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544 Multiomic characterization of T-cell populations at the single-cell level utilizing sensitive dextramers and BD® AbSeq on the BD RhapsodyTM Single-Cell Analysis system
  1. Kivin Jacobsen1,
  2. Cynthia Sakofsky2,
  3. Vadir Lopez-Salmeron2,
  4. Margaret Nakamoto2,
  5. Liselotte Brix1,
  6. Stefanie Mortimer2 and
  7. Kivin Jacobsen1
  1. 1Immudex, Virum, Denmark
  2. 2BD Biosciences, San Jose, CA, USA


Background Adoptively transferred antigen-specific T cells have shown great efficacy in treatment of some virus-associated diseases and malignancies. A major driver of the development of adoptive T-cell therapy has been our ability to successfully characterize the functional status and antigen specificity of T cells. However, this has been limited by inefficient detection of antigen-specific T cells possibly due to their low frequency and low binding affinities to known MHC-peptide complexes.

Methods Here, we aim to combine two powerful technologies, advanced dCODE™ Dextramer® from Immudex and single-cell multiomics analysis using the BD Rhapsody™ Single-Cell Analysis system, to detect and characterize disease-specific CD8+ T cells within thousands of PBMCs.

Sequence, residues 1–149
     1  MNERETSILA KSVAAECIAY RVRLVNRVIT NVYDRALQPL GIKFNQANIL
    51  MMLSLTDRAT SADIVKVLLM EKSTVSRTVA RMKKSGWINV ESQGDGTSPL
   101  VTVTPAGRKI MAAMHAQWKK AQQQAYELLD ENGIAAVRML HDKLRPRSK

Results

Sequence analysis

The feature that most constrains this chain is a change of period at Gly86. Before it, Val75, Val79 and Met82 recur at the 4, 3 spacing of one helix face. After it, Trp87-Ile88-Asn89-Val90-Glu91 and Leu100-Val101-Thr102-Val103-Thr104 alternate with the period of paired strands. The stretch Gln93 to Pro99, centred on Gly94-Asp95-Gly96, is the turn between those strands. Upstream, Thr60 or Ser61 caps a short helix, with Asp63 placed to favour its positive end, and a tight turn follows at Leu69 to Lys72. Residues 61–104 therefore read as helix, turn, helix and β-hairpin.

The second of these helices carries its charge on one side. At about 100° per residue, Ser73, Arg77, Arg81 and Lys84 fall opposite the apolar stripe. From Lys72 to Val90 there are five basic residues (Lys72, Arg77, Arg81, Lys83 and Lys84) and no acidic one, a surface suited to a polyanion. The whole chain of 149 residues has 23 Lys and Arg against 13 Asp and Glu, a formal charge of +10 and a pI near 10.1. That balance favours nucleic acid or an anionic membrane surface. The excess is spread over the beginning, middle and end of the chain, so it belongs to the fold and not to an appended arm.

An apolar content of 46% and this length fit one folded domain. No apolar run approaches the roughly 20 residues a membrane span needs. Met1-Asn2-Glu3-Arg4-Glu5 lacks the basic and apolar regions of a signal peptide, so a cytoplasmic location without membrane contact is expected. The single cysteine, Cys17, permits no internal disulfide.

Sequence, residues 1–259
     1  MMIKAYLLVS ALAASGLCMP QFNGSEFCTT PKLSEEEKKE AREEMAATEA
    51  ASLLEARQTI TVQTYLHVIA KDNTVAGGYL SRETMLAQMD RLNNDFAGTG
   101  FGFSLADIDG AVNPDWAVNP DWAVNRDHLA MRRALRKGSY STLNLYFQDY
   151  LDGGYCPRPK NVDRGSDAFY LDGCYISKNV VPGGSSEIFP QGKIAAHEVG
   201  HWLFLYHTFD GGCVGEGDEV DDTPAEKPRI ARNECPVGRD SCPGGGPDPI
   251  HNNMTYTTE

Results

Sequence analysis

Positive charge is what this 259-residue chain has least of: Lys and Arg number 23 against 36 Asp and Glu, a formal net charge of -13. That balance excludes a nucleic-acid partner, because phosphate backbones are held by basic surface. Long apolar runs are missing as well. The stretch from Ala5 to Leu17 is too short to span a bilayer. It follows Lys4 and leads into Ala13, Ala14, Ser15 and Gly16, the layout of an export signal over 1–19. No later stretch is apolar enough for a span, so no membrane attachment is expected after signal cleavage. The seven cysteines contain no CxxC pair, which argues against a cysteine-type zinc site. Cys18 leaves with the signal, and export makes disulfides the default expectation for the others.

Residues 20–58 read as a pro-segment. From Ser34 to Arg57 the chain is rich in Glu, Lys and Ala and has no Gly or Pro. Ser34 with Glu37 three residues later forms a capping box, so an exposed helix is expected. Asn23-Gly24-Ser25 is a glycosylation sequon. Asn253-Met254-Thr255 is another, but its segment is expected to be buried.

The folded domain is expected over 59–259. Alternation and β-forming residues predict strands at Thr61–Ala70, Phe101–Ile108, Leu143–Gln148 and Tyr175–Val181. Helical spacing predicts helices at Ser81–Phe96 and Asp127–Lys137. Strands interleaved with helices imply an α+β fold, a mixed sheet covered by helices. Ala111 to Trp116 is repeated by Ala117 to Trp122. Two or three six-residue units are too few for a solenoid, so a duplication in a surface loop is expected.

Results Currently, we are able to identify over 350 mRNAs alongside a panel of over 20 BD® AbSeq cell surface protein markers which can be associated with T cell activation states. These data can be used to define T-cell phenotypes alongside antigen specificity of enriched CD8+ Dextramer(R)+ cells from a PBMC population.

Conclusions his study outlines our ability for high-resolution T-cell profiling that has broader implications and utility in immuno-oncology, infectious diseases and autoimmunity.

Acknowledgements For Research Use Only. Not for use in diagnostic or therapeutic procedures. BD, the BD Logo, and Rhapsody are trademarks of Becton, Dickinson and Company or its affiliates. © 2019 BD. All rights reserved.

This is an open access article distributed in accordance with the Creative Commons Attribution 4.0 Unported (CC BY 4.0) license, which permits others to copy, redistribute, remix, transform and build upon this work for any purpose, provided the original work is properly cited, a link to the licence is given, and indication of whether changes were made. See:

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